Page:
2. Rotor style and size: You won’t be able to just grab any rotor or your buddy’s spare wheel and expect it to work perfectly on your bike. Rotors come in IS six bolt and Shimano Centerlock attachment styles, and come in a handful of sizes, the most popular being 140mm and 160mm in cyclocross, but mountain bikes also use 185mm and 203mm rotors. The Cannondale p/b CyclocrossWorld team runs 140mm front and rear rotors, while many bikes are featuring either a 160mm front and rear rotor or a 160mm front and 140mm rear rotor combination. This dramatically reduces your chances of getting a compatible wheel from neutral support at the races until disc brakes become popular and the industry agrees on one size.

3. Swapping wheels: While one would hope all hubs and rotors would be built to perfect tolerances, positioning the rotor in the exact same spot on any wheel, manufacturing is never that precise, and because there’s not a ton of room between the brake pads and rotors (especially on single piston mechanical disc brakes, which is pretty much every brake on the market except for the TRP Spyre dual piston mechanical disc brake), swapping wheels means you could end up with rotor rub and need to adjust the pad or caliper position for a free-running wheel.

4. Rotor and brake pad burn in: Jump on a bike with a never-been-ridden set of brake pads and rotors, hit a steep hill, and you might be scared to death with the lack of braking power. Getting your pads and rotors to work properly requires a bit of “burn in,” often involving a dozen or so short stops, and getting some pad material on the rotors to increase friction. It doesn’t take a ton of time, but means you shouldn’t swap a rotor and expect to ride without a bit of prep.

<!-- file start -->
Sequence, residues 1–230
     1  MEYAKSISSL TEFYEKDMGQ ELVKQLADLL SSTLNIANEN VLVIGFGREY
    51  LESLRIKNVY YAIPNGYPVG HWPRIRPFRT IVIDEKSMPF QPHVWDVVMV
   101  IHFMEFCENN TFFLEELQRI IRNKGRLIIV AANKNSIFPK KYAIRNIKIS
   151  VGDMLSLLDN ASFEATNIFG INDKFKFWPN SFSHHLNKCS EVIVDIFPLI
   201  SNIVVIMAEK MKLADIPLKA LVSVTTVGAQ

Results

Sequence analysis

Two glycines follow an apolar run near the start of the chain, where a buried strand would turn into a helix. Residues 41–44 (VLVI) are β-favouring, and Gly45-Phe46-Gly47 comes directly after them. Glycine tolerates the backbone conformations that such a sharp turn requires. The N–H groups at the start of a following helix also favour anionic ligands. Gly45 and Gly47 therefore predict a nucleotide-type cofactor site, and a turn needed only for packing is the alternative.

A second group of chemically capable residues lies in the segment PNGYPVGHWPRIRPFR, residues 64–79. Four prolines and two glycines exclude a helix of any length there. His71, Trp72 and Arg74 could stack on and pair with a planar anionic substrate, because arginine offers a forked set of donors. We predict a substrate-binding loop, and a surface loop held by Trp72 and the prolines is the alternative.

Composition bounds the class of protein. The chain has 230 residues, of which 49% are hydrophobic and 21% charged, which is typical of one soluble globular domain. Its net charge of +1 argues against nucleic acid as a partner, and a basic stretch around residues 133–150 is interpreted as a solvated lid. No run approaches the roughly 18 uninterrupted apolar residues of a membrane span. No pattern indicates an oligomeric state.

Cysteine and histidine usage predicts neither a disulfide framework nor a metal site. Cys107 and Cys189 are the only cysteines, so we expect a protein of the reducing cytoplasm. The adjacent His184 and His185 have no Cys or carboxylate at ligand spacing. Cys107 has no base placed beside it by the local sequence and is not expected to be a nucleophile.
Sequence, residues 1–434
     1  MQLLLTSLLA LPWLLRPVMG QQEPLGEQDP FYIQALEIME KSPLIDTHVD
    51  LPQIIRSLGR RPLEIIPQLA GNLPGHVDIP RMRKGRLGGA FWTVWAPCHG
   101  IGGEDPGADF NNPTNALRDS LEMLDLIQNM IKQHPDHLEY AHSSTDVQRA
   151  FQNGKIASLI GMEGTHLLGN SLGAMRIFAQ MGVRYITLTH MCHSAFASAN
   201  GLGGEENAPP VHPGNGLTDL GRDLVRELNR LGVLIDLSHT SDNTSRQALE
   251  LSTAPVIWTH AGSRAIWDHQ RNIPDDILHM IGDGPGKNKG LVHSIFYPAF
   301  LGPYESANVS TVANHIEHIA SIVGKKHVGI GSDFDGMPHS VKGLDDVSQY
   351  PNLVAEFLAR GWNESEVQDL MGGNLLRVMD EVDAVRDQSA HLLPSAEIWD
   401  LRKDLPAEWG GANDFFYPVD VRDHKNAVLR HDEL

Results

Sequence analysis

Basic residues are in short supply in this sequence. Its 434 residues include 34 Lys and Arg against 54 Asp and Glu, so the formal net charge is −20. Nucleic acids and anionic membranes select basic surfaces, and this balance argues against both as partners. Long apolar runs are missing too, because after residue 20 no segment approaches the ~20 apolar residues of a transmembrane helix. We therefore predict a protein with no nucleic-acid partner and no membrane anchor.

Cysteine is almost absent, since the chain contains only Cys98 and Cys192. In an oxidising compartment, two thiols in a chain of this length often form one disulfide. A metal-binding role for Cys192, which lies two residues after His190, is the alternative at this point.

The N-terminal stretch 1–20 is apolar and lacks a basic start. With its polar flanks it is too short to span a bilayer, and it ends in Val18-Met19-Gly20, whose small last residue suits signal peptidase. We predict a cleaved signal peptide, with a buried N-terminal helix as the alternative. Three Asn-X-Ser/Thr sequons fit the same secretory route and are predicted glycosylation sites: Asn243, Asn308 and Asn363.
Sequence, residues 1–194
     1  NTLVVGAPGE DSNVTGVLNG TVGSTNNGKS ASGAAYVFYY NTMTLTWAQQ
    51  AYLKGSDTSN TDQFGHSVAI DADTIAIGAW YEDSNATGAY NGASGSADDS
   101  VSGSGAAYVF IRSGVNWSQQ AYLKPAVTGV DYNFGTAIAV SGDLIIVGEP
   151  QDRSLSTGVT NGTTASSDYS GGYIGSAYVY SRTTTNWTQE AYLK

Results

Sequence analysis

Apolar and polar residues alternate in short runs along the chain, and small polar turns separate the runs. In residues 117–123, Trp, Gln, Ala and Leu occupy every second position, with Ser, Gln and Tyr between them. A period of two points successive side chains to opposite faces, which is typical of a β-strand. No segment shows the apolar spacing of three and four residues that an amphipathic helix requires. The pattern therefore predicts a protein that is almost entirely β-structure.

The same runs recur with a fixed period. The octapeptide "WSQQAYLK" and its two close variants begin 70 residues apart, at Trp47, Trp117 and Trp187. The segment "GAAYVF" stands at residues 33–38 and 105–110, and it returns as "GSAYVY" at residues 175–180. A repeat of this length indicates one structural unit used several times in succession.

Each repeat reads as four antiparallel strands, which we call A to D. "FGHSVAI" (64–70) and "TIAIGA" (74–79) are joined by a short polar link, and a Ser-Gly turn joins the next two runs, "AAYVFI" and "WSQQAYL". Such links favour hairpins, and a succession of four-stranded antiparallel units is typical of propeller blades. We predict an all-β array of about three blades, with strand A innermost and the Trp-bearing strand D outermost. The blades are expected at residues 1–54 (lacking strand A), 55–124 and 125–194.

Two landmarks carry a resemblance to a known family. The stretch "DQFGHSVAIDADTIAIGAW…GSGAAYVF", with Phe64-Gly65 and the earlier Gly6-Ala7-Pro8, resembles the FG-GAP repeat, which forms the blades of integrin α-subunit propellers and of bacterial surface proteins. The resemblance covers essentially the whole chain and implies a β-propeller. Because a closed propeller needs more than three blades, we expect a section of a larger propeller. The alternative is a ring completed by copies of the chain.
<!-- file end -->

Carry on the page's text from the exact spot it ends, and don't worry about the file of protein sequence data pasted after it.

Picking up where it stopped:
Despite the above variables, at this point in the game, it seems to me that disc brakes are an impending inevitability and as far as I can see so far, the trade-off of any maintenance seems like a worthy bargain for better, less stressful braking.

What do you think? Have you made the switch already, or are planning to for this season? Let us know in the comments!

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  • aclinjury says:

    Having ridden mtb bikes for a number of years, having used hydraulic disc from brands like Shimano, Magura, Hayes, I can tell you that you will need to bleed them every 1-2 years depending on your usage. And I would not call bleeding a hydraulic system a no-brainer. Far from it. You will need to get a kit. You will need to get the fluid. You will need to remove the pads. Then carefully pump and suck at the same time, for a few times, to get rid of the air bubbles. This task is something only the “initiated” will want to do. Contrary to most marketing and misinformation, hydraulic system is not a “set-and-forget” system. It can be a real pain when problems does arise.